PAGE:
Is it possible to script this module?

Hello everyone, hope you are all having a great day.
I was wondering if its possible to convert the following module into torch script:

class PriorBox(torch.nn.Module):
    def __init__(self):
        super(PriorBox, self).__init__()
    # @torch.jit.script
    def forward(self, minSizes, steps, clip, image_size):
        anchors = []
        feature_maps = [[ceil(image_size[0]/step), ceil(image_size[1]/step)] for step in steps]

        for k, f in enumerate(feature_maps):
            min_sizes = minSizes[k]
            for i, j in product(range(f[0]), range(f[1])):
                for min_size in min_sizes:
                    s_kx = min_size / image_size[1]
                    s_ky = min_size / image_size[0]
                    dense_cx = [x * steps[k] / image_size[1] for x in [j + 0.5]]
                    dense_cy = [y * steps[k] / image_size[0] for y in [i + 0.5]]
                    for cy, cx in product(dense_cy, dense_cx):
                        anchors += [cx, cy, s_kx, s_ky]

        # back to torch land
        output = torch.Tensor(anchors).view(-1, 4)
        if clip:
            output.clamp_(max=1, min=0)
        return output

I have reimplemented this in libtorch but its slow as snail!
here it is in case its needed:

struct PriorBox : torch::nn::Module
    PriorBox(const std::vector<std::pair<torch::Tensor, torch::Tensor>>& min_sizes, const std::vector<int>& steps, const bool& clip, const std::pair<int, int>& image_size, const std::string& phase = "train")
        this->min_sizes = min_sizes;
        this->steps = steps;
        this->clip = clip;
        this->image_size = image_size;
        this->phase = phase;
        this->name = name;
        for (auto& step : this->steps)
            auto height = torch::tensor(float(this->image_size.first) / step);
            auto width = torch::tensor(float(this->image_size.second) / step);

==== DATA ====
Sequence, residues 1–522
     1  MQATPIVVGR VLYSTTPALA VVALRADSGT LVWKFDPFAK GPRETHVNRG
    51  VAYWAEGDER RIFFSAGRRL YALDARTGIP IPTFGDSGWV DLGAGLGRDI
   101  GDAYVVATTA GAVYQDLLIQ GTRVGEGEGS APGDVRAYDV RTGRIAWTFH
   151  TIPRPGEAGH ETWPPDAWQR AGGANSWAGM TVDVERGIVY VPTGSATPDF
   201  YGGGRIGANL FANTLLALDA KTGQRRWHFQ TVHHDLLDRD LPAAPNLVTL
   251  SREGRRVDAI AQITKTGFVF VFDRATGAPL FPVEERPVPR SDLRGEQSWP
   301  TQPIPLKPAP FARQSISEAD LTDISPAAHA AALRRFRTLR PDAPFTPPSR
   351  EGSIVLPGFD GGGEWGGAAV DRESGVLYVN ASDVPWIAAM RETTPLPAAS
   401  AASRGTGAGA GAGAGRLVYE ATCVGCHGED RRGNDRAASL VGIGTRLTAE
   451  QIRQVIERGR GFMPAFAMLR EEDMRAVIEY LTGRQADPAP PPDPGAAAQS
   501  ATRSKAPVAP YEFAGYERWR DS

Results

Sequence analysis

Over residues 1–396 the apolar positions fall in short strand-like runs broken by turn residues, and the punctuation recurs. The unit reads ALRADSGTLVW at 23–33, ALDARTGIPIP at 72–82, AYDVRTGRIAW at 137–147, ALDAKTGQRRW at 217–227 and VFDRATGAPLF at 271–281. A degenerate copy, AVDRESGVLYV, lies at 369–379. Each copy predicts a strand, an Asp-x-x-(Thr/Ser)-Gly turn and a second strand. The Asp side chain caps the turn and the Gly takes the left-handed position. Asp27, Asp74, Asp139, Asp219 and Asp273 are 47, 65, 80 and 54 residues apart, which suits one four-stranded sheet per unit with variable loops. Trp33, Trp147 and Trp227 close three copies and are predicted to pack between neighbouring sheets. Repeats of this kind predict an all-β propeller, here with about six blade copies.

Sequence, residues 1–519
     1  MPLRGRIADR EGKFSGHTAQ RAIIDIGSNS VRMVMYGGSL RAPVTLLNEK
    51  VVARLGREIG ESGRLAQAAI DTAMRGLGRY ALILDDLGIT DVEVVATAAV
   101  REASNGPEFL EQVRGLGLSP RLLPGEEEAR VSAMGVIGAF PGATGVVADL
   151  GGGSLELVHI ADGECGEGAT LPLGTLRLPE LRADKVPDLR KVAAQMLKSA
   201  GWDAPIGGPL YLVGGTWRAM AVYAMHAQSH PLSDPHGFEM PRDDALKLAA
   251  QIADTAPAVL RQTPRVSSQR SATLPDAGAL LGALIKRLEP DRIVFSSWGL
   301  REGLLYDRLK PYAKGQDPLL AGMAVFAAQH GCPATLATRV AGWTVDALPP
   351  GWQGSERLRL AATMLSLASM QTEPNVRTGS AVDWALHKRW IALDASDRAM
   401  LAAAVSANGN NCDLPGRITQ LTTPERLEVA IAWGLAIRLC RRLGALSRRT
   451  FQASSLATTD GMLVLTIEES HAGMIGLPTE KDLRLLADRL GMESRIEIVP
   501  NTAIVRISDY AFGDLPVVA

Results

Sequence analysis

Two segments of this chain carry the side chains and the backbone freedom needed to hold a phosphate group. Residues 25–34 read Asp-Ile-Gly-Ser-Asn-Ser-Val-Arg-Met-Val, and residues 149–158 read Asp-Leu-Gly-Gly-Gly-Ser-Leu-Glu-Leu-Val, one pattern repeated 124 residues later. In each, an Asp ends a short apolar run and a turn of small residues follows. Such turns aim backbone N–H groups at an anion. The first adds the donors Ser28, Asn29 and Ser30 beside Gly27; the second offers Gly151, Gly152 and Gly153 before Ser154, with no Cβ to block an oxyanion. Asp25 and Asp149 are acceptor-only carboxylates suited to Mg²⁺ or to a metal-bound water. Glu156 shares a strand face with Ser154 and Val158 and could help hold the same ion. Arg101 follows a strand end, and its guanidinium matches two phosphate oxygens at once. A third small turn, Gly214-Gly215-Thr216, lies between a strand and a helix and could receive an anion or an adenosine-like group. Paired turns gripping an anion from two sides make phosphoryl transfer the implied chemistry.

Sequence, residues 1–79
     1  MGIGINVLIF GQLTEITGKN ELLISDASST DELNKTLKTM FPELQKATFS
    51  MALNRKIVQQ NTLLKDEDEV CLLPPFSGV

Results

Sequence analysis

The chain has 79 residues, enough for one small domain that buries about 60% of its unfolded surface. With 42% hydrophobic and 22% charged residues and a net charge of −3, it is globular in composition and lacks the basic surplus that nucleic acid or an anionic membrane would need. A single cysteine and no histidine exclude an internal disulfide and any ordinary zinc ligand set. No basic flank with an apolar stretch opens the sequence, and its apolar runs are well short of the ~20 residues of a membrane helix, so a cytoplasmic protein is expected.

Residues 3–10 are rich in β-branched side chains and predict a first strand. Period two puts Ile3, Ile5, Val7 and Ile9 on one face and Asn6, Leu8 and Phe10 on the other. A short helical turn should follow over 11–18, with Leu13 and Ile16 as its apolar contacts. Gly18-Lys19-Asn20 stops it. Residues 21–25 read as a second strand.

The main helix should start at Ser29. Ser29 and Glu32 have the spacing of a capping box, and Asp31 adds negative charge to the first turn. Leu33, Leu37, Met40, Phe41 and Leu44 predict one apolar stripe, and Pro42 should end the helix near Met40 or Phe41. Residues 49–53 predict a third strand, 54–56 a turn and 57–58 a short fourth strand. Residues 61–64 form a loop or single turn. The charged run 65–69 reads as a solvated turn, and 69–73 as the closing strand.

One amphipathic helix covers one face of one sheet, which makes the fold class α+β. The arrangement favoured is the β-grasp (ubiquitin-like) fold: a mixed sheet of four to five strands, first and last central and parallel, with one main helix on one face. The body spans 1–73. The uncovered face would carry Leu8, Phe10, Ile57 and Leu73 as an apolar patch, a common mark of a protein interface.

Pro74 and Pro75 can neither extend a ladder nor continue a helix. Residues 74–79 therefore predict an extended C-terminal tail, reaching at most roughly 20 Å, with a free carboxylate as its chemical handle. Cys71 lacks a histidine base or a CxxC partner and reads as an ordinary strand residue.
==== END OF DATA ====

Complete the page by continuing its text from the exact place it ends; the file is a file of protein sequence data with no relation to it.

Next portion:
this->feature_maps.emplace_back(std::make_pair(torch::ceil(height), torch::ceil(width)));
    torch::Tensor forward()
        std::vector<torch::Tensor> anchors;
        int i = -1;
        for (auto& fmap : this->feature_maps)
            auto min_sizes = this->min_sizes[++i];
            auto result = torch::cartesian_prod({ torch::arange(c10::Scalar(0), c10::Scalar(fmap.first.item().toInt()), c10::Scalar(1)),
                                                  torch::arange(c10::Scalar(0), c10::Scalar(fmap.second.item().toInt()), c10::Scalar(1)) });
            for (int idx = 0; idx <= result.sizes()[0] - 1; idx++)
                //takes around 0.006 ms
                auto i_ = result[idx][0];
                auto j_ = result[idx][1];
                //takes around 0.20 ms to 0.30 ms
                for (auto& min_size : { min_sizes.first, min_sizes.second })
                    auto s_kx = min_size / float(this->image_size.second);
                    auto s_ky = min_size / float(this->image_size.first);
                    // takes around 0.037 ms
                    torch::Tensor dense_cx = (j_ + 0.5) * this->steps[i] / this->image_size.second;
                    torch::Tensor dense_cy = (i_ + 0.5) * this->steps[i] / this->image_size.first;
                    //takes around 0.02ms
                    auto result_cy_cx = torch::cartesian_prod({ dense_cy.unsqueeze(0), dense_cx.unsqueeze(0) });
                    //this takes around 0.010ms
                    for (int l = 0; l <= result_cy_cx.sizes()[0] - 1; l++)
                        auto cy = result_cy_cx[l][0].unsqueeze(0);